A Louisiana judge has declared unconstitutional the state's ban on gay marriage.
District Court Judge Edward Rubin said in a 23-page ruling handed down Monday that the ban violates the 14th Amendment and the U.S. Constitution's full faith and credit clause.
Plaintiffs in the case are Angie Costanza and Christy Brewer, who married in 2008 in California. Rubin overturned a lower court's decision and ordered the state to recognize the couple's marriage and allow Constanza to adopt Brewer's son.
Louisiana officials are “hereby ordered to act in accordance with this courts' ruling and allow the petitioners to file their state tax returns as a couple whose marriage is valid and recognized in Louisiana. The court hereby enjoins the State from enforcing the above referenced laws to the extent that these laws prohibit a person from marrying another person of the same sex,” Rubin wrote.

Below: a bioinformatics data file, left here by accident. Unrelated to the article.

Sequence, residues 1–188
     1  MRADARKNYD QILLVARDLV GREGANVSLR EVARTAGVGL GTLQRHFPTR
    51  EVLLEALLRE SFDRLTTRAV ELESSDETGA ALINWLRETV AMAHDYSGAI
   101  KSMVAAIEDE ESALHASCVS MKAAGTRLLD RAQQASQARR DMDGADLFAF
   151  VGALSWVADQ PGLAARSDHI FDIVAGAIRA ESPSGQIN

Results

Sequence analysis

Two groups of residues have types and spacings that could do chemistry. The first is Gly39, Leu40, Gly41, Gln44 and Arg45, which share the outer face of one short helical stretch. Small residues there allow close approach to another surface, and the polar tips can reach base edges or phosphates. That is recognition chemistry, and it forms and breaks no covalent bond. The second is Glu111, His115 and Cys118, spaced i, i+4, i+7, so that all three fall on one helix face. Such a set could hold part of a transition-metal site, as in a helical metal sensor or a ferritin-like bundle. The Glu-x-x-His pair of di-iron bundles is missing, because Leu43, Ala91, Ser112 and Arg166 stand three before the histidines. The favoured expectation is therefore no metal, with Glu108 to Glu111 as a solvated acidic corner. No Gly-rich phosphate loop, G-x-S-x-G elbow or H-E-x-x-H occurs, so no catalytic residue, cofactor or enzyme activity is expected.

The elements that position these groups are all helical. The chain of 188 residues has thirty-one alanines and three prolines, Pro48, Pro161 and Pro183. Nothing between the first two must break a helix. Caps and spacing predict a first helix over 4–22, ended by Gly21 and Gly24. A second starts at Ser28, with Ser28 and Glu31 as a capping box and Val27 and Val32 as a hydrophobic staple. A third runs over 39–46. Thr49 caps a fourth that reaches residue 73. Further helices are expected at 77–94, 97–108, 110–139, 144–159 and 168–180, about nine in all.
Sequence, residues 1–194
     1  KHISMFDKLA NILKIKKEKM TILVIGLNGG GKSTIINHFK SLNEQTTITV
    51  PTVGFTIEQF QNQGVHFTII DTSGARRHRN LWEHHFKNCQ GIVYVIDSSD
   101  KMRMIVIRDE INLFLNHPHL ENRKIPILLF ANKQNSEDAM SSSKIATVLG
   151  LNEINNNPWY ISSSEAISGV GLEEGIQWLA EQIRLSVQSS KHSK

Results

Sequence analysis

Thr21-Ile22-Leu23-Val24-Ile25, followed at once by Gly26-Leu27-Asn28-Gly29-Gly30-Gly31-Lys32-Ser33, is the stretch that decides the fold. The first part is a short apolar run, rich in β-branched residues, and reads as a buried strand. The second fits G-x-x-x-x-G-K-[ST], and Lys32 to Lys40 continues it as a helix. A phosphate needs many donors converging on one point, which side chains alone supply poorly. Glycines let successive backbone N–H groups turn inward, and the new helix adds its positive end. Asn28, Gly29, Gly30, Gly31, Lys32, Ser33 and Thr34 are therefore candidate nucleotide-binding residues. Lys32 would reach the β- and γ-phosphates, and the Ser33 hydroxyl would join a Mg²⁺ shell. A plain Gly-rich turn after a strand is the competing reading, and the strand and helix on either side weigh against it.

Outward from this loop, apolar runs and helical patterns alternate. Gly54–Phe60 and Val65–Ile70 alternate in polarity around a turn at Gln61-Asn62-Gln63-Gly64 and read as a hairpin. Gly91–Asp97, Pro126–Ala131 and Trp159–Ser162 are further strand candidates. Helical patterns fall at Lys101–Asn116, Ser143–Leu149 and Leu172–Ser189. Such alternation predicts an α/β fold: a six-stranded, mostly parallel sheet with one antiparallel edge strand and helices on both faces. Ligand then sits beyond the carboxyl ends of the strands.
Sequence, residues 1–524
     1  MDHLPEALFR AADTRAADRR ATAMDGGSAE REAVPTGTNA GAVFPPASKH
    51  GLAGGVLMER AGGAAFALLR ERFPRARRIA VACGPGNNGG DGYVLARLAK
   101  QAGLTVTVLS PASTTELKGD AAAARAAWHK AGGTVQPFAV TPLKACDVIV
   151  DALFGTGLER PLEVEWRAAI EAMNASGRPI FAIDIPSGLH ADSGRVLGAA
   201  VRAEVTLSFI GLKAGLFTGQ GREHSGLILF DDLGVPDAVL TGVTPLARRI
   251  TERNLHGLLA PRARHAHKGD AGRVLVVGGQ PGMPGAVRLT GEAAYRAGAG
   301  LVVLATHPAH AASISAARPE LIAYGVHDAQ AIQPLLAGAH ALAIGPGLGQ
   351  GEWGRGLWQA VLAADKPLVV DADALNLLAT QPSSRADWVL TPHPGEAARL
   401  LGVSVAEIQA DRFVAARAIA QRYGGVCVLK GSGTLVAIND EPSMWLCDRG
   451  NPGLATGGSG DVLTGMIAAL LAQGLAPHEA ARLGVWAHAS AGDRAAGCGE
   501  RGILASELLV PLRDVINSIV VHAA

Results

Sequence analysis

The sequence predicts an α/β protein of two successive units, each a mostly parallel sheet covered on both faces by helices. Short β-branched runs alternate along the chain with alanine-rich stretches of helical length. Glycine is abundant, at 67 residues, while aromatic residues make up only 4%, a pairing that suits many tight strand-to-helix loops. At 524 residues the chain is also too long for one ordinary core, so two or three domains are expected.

The state on Monday said it would appeal the decision.
Rubin strongly dismissed the state's arguments.
“This court agrees with defendants' arguments that marriage laws can vary in some respects from state to state, but Louisiana cannot define and regulate marriage to the extend that it infringes upon the constitutional rights of the petitioners,” he wrote. “This court finds that there is no rational connection between Louisiana's laws prohibiting same sex marriage and its goals of linking children to intact families formed by their biological parents, or ensuring that fundamental social change occurs through widespread social consensus. What is meant by 'intact' is not clear. … It would be illogical to say that intact families are only those that are formed by a child's biological parents.”
The ruling comes less than a month after a federal judge upheld the state's restrictive marriage ban, saying it was “anchored to the Democratic process.”